Beauty Standards of Today are Still Demeaning


Clara Gomes

Beauty and fashion trends seem to change with the snap of a finger. Trends change quickly, every year these trends flood into malls and media outlets everywhere. These changing trends include changes in the models that wear them. In 2018, people are more accepting of the curvy models but we still seem to question what beauty really is. Is beauty really in the eye of the beholder or does our society still seem to have an established set of guidelines for what makes up a noteworthy looking woman or man?

Skinny supermodels have been continuously embraced by media outlets, including current models such as Cara Delevingne, Gigi Hadid, and Bella Hadid. Some people have speculated on the damaging effects that glorifying skinny as beautiful has. On October 7th, 2018, Iskra Lawrence, a co-founder of the NEDA organization, was helping out at the National Eating Disorder Awareness walk at Foley Square (located nearby the Brooklyn Bridge). Thousands of New Yorkers and people from all over, women and men, gathered around the platform she was standing on in order to hear what she had to say about health, eating disorder, and how beauty standards have caused many to suffer from illnesses that have taken our loved ones. The event was held, as it is every year, in order to help people take a step forward in their fight against the harmful nature of beauty ideals in our country and in other countries. 

Many of us are also used to having people constantly remind ourselves that beauty is held within as well, yet we still find ourselves enamored by celebrities like the Kardashians who manage to find it in themselves to complain as so many others are starving and are in need of financial assistance. We see middle class American women and men around us spectating and admiring what idiotic things Kim has to say, studying so closely what Kylie is wearing, and sobbing over what piece of jewelry Kim has apparently dropped into the enormous pool beside her colossal Hollywood mansion as people elsewhere are watching people die, lacking the resources to receive an education, and facing the ongoing fear of terrorism and death every day.

Beauty may feel like a difficult thing to accomplish, everyone has their own opinions of what is essential when determining that somebody deserves such a title. This is becoming an embraced ideal by the media, as plus size models like Ashley Graham, Iskra Lawrence, and Tabria Majors are gaining a lot of positive recognition.

“I think beauty is more than looks,” says junior Maria Cosme, “Someone who has a beautiful personality is even more beautiful than someone who looks beautiful. I think someone who is happy and kind is beautiful.”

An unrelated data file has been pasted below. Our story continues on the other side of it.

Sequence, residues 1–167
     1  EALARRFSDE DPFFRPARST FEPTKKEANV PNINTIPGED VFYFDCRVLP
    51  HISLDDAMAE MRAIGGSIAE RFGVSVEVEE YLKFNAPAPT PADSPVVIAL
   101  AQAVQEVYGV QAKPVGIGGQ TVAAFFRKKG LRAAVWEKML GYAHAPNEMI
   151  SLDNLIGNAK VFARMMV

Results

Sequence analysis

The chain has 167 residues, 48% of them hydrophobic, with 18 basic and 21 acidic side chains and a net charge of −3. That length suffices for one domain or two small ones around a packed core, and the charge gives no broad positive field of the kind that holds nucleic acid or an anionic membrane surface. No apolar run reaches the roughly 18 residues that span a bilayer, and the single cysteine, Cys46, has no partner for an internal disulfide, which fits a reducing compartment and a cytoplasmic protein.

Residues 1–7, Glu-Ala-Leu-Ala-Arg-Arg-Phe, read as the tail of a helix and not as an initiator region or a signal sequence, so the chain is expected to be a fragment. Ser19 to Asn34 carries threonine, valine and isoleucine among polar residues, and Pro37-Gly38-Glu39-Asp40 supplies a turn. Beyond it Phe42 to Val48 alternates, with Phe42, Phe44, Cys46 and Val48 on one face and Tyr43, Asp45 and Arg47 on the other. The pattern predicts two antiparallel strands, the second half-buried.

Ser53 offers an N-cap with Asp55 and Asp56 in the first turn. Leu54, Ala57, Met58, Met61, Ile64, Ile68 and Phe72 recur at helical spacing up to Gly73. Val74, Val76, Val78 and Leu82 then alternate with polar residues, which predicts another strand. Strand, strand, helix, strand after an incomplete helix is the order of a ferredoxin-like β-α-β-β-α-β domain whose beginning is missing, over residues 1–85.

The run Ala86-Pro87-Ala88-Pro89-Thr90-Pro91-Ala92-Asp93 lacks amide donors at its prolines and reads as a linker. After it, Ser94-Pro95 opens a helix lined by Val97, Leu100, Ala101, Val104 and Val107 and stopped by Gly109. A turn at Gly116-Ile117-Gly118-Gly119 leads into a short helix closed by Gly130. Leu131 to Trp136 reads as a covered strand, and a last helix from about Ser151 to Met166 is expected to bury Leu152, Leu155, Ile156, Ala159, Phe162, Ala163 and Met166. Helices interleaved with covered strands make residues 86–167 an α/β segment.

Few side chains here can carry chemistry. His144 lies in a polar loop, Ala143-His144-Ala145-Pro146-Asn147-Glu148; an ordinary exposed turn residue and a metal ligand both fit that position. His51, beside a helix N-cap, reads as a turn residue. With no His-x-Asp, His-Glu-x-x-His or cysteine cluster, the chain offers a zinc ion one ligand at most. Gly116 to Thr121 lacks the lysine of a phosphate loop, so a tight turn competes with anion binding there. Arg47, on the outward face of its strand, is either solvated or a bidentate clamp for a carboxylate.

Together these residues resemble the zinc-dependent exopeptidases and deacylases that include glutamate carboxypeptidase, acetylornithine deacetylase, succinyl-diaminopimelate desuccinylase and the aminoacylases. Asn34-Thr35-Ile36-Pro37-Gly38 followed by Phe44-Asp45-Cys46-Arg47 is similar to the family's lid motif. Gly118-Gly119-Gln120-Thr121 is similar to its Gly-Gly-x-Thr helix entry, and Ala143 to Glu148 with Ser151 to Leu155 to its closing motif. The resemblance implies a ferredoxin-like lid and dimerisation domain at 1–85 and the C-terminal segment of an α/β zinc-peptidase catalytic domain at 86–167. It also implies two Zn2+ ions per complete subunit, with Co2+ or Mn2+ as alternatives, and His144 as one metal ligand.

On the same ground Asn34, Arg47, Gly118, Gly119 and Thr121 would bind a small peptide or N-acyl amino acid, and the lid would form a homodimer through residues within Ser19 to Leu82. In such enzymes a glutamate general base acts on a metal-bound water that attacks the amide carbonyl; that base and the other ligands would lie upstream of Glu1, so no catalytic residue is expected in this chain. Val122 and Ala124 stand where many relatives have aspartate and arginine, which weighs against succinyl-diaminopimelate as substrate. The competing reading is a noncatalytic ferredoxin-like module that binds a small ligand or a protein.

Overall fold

Junior, Oli Griffin, also has something interesting to say about what beauty means and is to her. “I think beauty is an impossible thing to define because even the blandest things can be the most beautiful things in specific situations,” Griffin explains. “For example; a white plastic bag is not very beautiful to us, but if you saw a glimmering white plastic bag in a pond full of mud and dead fish, it would be quite beautiful.”

To be frank, myself and other people would probably agree that beauty, despite the efforts of the media to converge our understanding of it, will remain subjective. It is questions like these that cause us to respond by posing multiple in return. Is a woman beautiful if she drops out of school to take care of her children? Is fat something that people want to be called? Does wearing makeup hinder someone’s ability to be who they are?  Why are stretch marks embarrassing? Do our predispositions of beauty growing up still stand in the way of what seems beautiful today and is it because of this that it is difficult to define a beautiful thing? The list goes on.

Our society is shifting into one that values education and graduation. However, we also value a strong woman who can nurture and care for a small one. Questions like whether or not women dropping out to support her child are difficult enough to cause myself to become uncomfortable explaining my reasoning behind what one might think about in response! I believe that the real questions at hand for the world to think about is simple. Do we believe that something is beautiful because somebody else does? Are our understanding of beauty, even our own, blind to what we believe at heart?

Beauty is not simple.